In the best of circumstances, politics is not for the faint of heart. But in New Zealand, where a general election is planned for September 20, an ugly defamation war is taking place that would make Vladimir Putin blush.
Prime Minister John Key and his conservative National Party are gunning for a third consecutive parliamentary majority, apparently by any means necessary – including a smear campaign against my client, Kim Dotcom.
Last month, Key openly acknowledged that he holds regular private conversations with Slater. It was a surprising development. Why would Key associate with such a figure, and what is the nature of their relationship? It is not known what the arrangement may or may not exist between Key and/or National Party and Slater’s website, but there are numerous credible rumors surrounding Whale Oil’s pay-for-play policy, where ad nauseum attacks are available to the highest bidder. Kim Dotcom is hardly the first victim, and John Key appears the most natural one to benefit.
Slater’s obsession with Dotcom and the Internet Party seems mysteriously disproportionate. He’s published more than 100 attack posts since mid-February, giving Kim more attention than any other single political leader, perhaps indicating the dutiful performance of a tedious job, or a genuine recognition of how much Dotcom is seen as a threat by National.
Having worked on political disputes in a variety of countries, I’ve seen my fair share of black media and negative campaigning. You know it when you see it. But the way John Key has chosen to operate via Slater particularly reminds me of tactics used in Russia, where ugly propaganda wars between oligarchic clans are known to get very rough.
It’s that Moscow-style dialectic, where the accuser paints their victim with the very conduct that they themselves practice, seeking an overall diminishment of the topic by relativism. The corrupt dictator cooks up fake corruption cases against the opposition leader, the cheating husband accuses his wife of infidelity, and morally reprehensible authority launches an ethics investigation against his or her enemy.
Every country has a defamation specialist like Slater. The United States, in fact, is cursed with dozens of them, while in Rwanda, they’ve been charged with crimes against humanity. The hate speech, the incitement, and ceaselessly offensive content is effective in attracting attention, while readers seem to care very little about the bankruptcy of facts.
Thus far, National’s dirty war against Kim Dotcom has involved accusing him of being a ‘Nazi,’ churning out supposed ‘leaks’ which don’t amount to any significance, and posting recordings of Kim promising to defend his family. The blog has featured a suspiciously detailed record of who visits the mansion – sometimes releasing information that could only be known by a very limited number of people. As Key admits, he is sometimes given private, exclusive reports of who meets with Kim from Slater (or maybe it is the other way around).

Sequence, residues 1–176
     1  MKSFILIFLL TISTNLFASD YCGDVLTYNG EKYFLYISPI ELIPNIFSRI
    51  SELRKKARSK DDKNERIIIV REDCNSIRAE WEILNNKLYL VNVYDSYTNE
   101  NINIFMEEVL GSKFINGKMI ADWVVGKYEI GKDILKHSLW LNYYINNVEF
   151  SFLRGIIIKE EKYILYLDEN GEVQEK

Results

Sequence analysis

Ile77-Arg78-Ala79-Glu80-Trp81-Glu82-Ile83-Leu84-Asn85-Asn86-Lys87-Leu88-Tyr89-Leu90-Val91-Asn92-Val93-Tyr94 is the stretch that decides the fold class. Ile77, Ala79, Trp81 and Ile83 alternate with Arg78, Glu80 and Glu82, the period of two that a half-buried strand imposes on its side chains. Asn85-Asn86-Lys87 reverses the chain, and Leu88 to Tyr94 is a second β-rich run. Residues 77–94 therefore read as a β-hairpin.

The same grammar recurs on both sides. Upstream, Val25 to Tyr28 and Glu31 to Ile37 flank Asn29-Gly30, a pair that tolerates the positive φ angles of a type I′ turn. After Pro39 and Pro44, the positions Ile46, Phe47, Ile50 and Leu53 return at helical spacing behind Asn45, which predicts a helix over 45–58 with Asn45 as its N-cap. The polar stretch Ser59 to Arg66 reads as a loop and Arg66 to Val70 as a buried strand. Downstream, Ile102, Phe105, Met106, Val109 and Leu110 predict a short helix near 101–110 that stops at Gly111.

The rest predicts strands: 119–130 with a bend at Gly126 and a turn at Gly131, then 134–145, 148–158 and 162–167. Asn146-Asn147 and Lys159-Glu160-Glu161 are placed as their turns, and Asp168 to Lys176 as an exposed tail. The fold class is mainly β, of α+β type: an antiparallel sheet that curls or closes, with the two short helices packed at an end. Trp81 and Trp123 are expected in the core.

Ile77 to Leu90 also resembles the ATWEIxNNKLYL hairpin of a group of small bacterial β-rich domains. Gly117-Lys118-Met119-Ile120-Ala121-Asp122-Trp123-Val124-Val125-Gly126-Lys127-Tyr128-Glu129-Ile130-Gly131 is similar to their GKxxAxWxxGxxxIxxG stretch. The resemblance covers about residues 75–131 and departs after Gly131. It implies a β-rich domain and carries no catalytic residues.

Considering all the lies, half truths, and misinformation, the defamation campaign may end up having the opposite effect. Think about it: after months of unrelenting attacks and with a team of people watching Kim’s every move, the very worst that they could come up with is that he owns diverse historical artifacts and that a former employee is unhappy? Seems like a desperate stretch to me.
Anyone who knows Kim will tell you that the Nazi slur is laughably absurd – all the more so coming from someone like Slater, who has his own track record of racist statements which are a matter of concern.
Kim has already proven the quality of his character. This is a man who’s had his life destroyed by the world’s most powerful government, accused of non-existent crimes he did not commit, and had to go through the ordeal of watching New Zealand authorities point guns at his pregnant wife and family and throw him in jail without even a single hearing to defend himself. The fact that he has made such a graceful and determined comeback despite the circumstances hanging over his head is an inspiration.
Keep in mind the timing of this onslaught – why now, when Kim has decided to start a party, do they try to manufacture scandal out of nothing? What, exactly, is John Key so scared of? The National media machine has repeatedly tried to dismiss the Internet Party as a joke, but at the same time, they are putting all their muscle into attacking Kim.
In the end, these sources of these dirty tactics are irrelevant, but the bad intentions of his sponsors are what can cause damage to the country. New Zealand has experienced a diminishing level of voter participation in the last three elections. People feel increasingly disconnected and disrespected by the current political leadership. Kim Dotcom not only has the potential to activate younger voters, he also has valuable ideas and expertise to revolutionize New Zealand’s digital economy and bring better paying jobs to Kiwis. His story has exposed the worst of the John Key government and initiated a serious debate on privacy and Internet freedom in New Zealand and beyond.
Key apparently has no new ideas and nothing to say in response to these important issues, so instead what we have are made up stories about Nazis and exaggerated drama of Kim’s personal life. The result is that New Zealanders are being deprived of a serious political debate that may advance public understanding and participation in the process. That, indeed, is a great pity.